Last October, the Minnesota Humanities Center (MHC) had the honor of inviting lauded journalist, author, and documentary filmmaker, Sebastian Junger, to speak at the Veterans’ Voices Award Ceremony. Prior to the ceremony, Junger joined the 2018 awardees for a luncheon at the MHC Event Center where he spoke about the importance of the humanities and the Veteran experience and took questions from the audience.
As we gear up for another Veterans’ Voices Award Ceremony and seek submissions for Veterans to share their stories with us, we look back to this conversation with Sebastian about why it makes so much sense, and is important, for the Humanities Center to be doing this work.
Audio and transcript below. Enjoy.
Sebastian Junger: Thank you. It’s a real honor to be here. To find out more about this incredible institution, this incredible organization, the good works that they do. I was immediately struck by the Gargoyles. I don’t know if you’ve noticed them but they’re pretty remarkable, all throughout the building. I guess from 1925. They’re worth looking at on the way out in the hallway. They depict clearly as a native versus European intruder, arms struggle. Just as a sort of reminder of what are some ways the human condition isn’t always peaceful. But the trick is, how do we come out of those dark moments more enlightened and more compassionate? If we can keep doing that, we can keep getting through the bad parts.
I’m gonna mention, I’m gonna talk about my parents a little bit. My mother and father were very, very different. My father was a physicist. He grew up in Europe, came over here during World War II. Very, very brilliant man who had almost no understanding of how human beings worked. I mean, to the point where I have a younger sister, two years younger and when we were teenagers, something would happen at the dinner table and [she would] storm off and slam the door to stomp up the stairs and you’d hear the door slam and the dust. Her bedroom was right above the dining room table. The dust would drift down from the chandelier like snow onto the meal and my father would look at my mother so puzzled and say, “Is she upset?” Then there was my mother who was an artist, a painter. Is, she’s still with us. My father made sense of the world through numbers. My mother made a different sense of the world, one that actually was more accessible to a child and probably more accessible to most people. We need both kinds of thinking. My father’s brain, it’s from brains like that that we got computers and GPS and advances in medicine and what have you. That kind of brain has made our lives much, much easier.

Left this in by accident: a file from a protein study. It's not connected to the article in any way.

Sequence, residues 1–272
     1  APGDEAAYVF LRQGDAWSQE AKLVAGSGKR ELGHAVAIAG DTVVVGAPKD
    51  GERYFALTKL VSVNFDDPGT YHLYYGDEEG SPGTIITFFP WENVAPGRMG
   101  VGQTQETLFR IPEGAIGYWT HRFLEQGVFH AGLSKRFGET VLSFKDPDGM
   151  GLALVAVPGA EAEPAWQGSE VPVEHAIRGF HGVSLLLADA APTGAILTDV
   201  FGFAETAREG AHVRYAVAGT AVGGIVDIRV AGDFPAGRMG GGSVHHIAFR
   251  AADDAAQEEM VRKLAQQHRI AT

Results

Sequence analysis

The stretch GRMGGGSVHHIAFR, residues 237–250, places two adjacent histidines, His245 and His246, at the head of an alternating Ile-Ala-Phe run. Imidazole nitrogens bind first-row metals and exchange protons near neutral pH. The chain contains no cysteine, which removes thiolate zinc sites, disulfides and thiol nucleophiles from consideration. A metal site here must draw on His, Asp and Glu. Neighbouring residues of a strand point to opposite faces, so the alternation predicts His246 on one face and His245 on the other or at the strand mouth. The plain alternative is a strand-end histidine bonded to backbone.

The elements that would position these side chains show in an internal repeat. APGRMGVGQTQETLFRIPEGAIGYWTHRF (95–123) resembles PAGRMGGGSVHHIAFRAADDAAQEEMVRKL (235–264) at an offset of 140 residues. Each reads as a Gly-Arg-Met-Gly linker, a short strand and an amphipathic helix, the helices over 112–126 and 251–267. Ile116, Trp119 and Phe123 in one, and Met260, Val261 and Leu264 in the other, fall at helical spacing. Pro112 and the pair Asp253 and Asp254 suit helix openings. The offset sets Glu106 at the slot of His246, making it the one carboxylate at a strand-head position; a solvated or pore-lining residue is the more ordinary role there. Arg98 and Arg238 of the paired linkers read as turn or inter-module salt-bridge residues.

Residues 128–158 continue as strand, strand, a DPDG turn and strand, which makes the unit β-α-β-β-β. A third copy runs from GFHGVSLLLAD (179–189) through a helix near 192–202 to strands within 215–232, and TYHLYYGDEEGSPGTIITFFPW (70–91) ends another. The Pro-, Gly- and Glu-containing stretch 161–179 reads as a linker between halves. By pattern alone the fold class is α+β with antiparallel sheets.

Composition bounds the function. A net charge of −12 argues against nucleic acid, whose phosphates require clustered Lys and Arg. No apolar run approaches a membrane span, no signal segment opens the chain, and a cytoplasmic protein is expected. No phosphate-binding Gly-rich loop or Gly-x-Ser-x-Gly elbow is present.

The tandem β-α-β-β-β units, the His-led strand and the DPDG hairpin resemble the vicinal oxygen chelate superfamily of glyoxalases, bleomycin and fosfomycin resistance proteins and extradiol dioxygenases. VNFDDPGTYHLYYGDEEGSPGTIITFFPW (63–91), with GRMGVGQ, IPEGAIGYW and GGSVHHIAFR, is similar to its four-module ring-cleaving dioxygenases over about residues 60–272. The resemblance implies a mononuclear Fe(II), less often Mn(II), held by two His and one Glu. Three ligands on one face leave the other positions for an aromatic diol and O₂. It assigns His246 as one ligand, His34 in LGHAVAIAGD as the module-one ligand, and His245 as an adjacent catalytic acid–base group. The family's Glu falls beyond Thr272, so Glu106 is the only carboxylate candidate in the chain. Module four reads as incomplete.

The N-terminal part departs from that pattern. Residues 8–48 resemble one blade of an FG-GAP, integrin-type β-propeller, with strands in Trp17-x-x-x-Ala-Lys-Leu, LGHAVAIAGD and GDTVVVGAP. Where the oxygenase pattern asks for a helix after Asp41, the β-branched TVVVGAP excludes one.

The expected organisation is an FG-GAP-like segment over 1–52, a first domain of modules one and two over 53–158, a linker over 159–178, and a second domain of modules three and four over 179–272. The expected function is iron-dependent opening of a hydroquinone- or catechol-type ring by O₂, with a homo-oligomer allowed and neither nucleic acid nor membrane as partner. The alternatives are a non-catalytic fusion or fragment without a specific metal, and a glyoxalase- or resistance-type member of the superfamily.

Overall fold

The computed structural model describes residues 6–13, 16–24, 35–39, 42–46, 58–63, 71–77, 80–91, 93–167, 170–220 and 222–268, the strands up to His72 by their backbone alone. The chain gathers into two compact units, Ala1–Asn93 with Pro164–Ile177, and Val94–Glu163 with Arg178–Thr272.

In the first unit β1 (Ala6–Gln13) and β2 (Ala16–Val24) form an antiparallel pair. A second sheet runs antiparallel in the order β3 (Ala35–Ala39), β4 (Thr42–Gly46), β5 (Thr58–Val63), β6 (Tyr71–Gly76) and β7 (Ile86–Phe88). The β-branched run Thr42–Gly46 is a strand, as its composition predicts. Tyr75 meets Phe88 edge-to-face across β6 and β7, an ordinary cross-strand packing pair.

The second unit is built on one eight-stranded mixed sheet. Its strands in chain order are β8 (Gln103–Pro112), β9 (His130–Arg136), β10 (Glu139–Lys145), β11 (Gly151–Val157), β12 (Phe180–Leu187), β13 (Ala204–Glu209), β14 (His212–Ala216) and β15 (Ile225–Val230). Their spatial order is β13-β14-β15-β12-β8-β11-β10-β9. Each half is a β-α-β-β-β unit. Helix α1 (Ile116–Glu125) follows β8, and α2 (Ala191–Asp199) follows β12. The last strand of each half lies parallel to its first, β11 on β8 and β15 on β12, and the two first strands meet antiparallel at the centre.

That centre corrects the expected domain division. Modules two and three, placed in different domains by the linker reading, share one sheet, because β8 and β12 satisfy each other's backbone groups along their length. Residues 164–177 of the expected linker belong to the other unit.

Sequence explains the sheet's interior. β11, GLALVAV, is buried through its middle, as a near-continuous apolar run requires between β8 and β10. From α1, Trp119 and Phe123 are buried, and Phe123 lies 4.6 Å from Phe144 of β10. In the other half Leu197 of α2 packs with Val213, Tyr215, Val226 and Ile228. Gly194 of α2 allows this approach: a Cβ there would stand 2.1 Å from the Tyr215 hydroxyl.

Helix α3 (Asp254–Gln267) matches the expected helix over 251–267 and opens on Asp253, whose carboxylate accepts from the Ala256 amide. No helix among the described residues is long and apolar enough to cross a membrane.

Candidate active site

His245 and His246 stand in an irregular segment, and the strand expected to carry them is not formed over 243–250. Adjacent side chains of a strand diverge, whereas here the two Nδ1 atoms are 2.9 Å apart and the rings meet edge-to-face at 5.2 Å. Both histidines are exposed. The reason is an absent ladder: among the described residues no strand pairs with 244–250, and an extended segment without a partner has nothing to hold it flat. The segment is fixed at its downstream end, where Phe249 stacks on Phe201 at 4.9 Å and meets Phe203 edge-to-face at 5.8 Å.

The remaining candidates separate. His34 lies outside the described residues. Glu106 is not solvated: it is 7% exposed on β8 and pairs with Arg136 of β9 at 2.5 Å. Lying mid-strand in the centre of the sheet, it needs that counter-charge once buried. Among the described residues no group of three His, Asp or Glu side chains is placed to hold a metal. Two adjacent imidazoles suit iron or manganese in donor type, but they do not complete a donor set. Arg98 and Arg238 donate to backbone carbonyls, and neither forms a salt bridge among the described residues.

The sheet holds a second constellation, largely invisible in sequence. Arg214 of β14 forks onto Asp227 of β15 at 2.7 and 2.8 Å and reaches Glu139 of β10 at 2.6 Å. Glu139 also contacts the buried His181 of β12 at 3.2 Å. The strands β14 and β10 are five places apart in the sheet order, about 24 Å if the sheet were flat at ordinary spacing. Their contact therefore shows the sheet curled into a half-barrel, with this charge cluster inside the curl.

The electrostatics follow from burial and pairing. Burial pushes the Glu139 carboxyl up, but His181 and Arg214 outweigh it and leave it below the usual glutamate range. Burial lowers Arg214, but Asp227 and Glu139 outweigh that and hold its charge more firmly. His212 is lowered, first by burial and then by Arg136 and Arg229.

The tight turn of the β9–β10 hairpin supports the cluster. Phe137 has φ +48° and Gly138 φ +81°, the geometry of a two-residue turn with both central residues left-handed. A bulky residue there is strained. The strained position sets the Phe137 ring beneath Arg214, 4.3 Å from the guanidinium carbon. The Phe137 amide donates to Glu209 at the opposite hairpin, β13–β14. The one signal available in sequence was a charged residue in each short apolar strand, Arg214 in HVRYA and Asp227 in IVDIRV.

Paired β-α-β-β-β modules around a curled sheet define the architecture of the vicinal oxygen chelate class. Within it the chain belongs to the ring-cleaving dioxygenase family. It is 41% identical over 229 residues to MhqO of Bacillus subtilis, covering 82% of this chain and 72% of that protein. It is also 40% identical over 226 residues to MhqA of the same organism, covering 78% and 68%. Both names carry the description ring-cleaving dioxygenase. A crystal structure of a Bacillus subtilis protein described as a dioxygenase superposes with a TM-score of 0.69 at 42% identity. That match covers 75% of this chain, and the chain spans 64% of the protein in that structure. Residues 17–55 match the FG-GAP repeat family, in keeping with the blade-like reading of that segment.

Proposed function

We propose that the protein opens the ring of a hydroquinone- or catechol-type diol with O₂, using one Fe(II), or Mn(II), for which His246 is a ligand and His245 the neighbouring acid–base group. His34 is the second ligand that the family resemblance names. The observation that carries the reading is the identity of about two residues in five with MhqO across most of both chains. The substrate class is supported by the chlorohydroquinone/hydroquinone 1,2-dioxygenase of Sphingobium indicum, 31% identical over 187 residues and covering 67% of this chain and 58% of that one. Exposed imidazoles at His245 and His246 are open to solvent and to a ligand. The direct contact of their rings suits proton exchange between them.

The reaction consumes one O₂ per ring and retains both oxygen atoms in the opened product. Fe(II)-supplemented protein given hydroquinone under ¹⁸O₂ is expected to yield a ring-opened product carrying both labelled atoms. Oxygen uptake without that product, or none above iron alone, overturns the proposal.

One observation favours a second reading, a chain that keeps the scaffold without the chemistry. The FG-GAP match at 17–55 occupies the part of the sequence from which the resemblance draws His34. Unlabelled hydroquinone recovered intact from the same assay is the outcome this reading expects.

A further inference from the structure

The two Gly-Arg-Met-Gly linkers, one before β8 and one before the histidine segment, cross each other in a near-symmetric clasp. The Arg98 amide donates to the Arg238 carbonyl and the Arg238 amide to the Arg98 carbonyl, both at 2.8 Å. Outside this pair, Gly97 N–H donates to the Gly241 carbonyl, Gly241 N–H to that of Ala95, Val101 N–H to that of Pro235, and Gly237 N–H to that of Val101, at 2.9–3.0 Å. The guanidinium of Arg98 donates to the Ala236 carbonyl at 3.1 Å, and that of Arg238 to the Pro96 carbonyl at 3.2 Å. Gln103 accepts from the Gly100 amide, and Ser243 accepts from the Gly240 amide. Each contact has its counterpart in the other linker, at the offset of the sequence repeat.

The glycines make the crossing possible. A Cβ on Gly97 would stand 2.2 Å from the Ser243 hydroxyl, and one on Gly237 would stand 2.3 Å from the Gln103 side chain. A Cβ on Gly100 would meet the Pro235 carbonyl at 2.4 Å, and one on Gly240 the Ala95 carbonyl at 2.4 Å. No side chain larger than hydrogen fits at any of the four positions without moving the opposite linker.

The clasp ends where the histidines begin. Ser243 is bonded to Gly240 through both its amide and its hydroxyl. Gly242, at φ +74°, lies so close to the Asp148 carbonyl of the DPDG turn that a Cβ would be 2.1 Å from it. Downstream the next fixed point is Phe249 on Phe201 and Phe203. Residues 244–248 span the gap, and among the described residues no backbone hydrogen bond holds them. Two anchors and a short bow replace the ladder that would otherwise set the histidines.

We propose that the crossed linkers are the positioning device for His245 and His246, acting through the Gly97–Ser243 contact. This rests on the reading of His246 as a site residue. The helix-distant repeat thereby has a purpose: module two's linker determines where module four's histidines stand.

The kind of mind that my mother has, I would argue has made our lives more meaningful. Has helped us understand our lives. So she worked in a studio. This was my first exposure to the art what I would later understand is called the arts and the humanities. She had a studio and I would go in there and this sort of magic thing would happen where she would take oils or pastels or watercolor and she would render the world in these colors on canvas and I remember as a little kid that she’d drawn a painting, she’d made a painting of a tree. I was staring at it and I realized I was trying to figure out what art was. Finally occurred to me, art is when the thing that’s represented is less interesting than the representation when you want it, look longer at the painting than at the tree itself. I really stood there looking at my mother’s painting, thinking, why is it that the painting arguably, a perfect rendition of the real thing, why is it that the painting is more fascinating to me than the tree that she painted? I started to understand, that’s what art is. That’s what people like my mother like many people in this room try to do with life, is illuminated in a way where you are actually more engaged with its translation than you might be with the thing itself. That’s where we understand ourselves. That’s where we understand life, understand existence, understand the universe in a completely different way than my father could.
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